Items You Need. No, Really, It’s the Law by Chris Payne (Payne’s Paddle/Fish)

We recently came across a blog from Texas kayak angler Chris Payne regarding paddling laws and requirements. While these are state specific, they are still similar to what you find in other states. To be sure about the laws that apply to you, we encourage you to visit your state’s parks and wildlife department’s website.

In the state of Texas, you don’t have to register your kayak in most cases. If it has a motor, trolling or otherwise yes, but in most cases no. Here is how it reads:

The following vessels when on Texas public water are required to have current registration, including when docked, moored, or stored:

  • All motorized boats, regardless of length;
  • All sailboats 14 feet in length or longer or any sailboat with an auxiliary engine(s); and
  • USCG Documented vessels (New — see section below).
  • Exempted vessels — Non-motorized canoes, kayaks, punts, rowboats, or rubber rafts (regardless of length) when paddled, poled, or oared and sailboats under 14 feet in length when windblown. Adding an outboard or trolling motor to one of these types requires titling and registration.
  • An exempt boat may have previously been titled as a motorboat. You can check whether a title has been issued for free – Query Ownership

This is great news! Slow down there buddy. Just because you don’t have to register your boat (as long as you meet the above criteria) doesn’t mean you can stroll down to Austin Canoe & Kayak, pick a boat and paddle and be on the Colorado River before sunset. There are some other things to look at within the laws.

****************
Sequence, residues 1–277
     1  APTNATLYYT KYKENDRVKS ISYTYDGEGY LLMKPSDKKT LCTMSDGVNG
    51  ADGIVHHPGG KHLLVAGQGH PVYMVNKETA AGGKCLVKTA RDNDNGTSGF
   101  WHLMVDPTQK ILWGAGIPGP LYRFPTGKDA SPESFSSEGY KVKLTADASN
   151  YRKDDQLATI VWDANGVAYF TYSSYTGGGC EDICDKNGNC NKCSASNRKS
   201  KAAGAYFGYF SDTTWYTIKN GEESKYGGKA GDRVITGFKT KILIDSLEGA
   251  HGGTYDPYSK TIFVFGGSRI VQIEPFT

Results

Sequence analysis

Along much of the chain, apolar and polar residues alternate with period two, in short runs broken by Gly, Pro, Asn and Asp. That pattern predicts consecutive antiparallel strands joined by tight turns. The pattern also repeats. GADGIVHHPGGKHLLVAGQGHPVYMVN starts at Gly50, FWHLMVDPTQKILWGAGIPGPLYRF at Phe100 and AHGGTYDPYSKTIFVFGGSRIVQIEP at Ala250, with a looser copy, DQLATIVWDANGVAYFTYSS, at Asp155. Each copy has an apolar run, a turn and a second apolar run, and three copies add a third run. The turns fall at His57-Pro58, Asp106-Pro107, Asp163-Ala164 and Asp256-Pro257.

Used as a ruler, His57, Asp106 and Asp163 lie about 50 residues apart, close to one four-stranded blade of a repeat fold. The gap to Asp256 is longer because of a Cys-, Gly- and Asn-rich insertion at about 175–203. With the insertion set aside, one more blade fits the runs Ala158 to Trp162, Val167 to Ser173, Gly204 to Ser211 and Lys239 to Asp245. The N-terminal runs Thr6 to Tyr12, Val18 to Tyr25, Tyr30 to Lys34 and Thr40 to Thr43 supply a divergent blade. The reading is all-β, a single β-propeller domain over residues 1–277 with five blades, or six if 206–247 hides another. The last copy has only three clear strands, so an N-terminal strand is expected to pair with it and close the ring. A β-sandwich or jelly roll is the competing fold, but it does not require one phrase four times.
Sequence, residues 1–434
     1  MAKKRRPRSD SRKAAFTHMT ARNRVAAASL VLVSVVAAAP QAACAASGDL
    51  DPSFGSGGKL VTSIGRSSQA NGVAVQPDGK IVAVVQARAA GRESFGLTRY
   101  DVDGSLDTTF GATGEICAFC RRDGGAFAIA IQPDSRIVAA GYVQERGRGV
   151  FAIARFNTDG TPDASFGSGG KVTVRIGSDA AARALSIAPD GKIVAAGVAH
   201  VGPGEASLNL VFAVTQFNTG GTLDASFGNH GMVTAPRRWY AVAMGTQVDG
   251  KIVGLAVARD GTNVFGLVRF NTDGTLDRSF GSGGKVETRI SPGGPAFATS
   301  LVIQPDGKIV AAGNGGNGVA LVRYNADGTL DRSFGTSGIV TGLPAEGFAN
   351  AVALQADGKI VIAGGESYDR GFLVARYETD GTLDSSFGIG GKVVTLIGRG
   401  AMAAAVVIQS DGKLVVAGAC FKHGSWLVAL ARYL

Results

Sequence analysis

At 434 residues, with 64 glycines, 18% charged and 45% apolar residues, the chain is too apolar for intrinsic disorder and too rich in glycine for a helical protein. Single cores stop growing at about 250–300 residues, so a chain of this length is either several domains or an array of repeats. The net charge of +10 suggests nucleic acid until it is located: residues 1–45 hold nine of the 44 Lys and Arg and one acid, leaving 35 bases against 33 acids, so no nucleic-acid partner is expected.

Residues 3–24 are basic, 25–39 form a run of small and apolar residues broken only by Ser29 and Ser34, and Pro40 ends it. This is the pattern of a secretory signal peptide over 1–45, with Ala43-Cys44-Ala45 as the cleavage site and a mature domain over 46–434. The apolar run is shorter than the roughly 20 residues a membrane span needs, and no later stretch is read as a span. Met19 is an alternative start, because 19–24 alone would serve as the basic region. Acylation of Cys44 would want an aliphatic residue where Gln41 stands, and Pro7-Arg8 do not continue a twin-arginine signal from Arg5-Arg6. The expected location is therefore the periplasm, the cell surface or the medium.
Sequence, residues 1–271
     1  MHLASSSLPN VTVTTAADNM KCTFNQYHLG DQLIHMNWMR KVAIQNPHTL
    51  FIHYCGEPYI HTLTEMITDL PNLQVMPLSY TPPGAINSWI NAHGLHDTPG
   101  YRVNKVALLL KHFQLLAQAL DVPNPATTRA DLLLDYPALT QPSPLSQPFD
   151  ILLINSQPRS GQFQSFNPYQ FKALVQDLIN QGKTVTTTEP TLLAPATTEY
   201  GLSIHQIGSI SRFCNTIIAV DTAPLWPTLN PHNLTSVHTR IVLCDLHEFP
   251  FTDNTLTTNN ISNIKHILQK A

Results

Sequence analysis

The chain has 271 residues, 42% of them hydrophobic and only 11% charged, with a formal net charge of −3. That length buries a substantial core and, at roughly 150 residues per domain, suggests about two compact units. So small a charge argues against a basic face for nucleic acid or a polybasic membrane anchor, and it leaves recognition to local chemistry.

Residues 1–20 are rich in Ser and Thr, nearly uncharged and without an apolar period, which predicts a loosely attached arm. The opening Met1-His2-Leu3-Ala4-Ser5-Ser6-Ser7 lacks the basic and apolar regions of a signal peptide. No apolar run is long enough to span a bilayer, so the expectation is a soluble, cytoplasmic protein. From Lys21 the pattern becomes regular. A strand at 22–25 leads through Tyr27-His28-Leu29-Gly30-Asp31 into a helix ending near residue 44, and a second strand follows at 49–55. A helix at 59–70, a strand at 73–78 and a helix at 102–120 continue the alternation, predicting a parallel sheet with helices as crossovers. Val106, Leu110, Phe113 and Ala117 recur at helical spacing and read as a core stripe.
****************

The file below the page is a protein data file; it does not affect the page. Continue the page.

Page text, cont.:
Just to get on the water, you need to read this:

All vessels, including canoes and kayaks, must be equipped with one Type I, II, III or V wearable PFD for each person on board. A Type V PFD is acceptable only if used in accordance with the specific instructions on the label of the device. Need some help picking one out? Click here. And if you want a direct link to a recommended manufacturer? You should check out Astral Buoyancy. PFDs are what they do. American designed products for the roughest waters in the world. If you need to float, you need an Astral.

If you are going to paddle at night:

Remember that you must carry one bright white light that can be exhibited in time to prevent a collision. It is recommended that you carry a lantern, flashlight, or other attached white light that will be visible from 360 degrees. Regulations state that canoes, kayaks, and all other manually driven vessels shall exhibit sidelights and a stern light, and shall exhibit at least one bright light, lantern, or flashlight from sunset to sunrise when not at dock.

Need some help? For the absolute best you need to look at the YakAttack Light. You can find it here with a Ram Mount. It also has a hi-vis flag so people will see you during the day as well.

general warning to have your safety items:

Operating Vessels without Required Equipment is ProhibitedNo person may operate or give permission for the operation of a vessel that is not provided with the required safety equipment. An operator may not permit a person under the age of 13 to be on board the vessel while the vessel is underway if the person is not wearing a USCG approved wearable PFD. Marine enforcement officers regularly perform vessel safety checks to ensure the safety of boat owners and passengers.

One more thing you will need by law: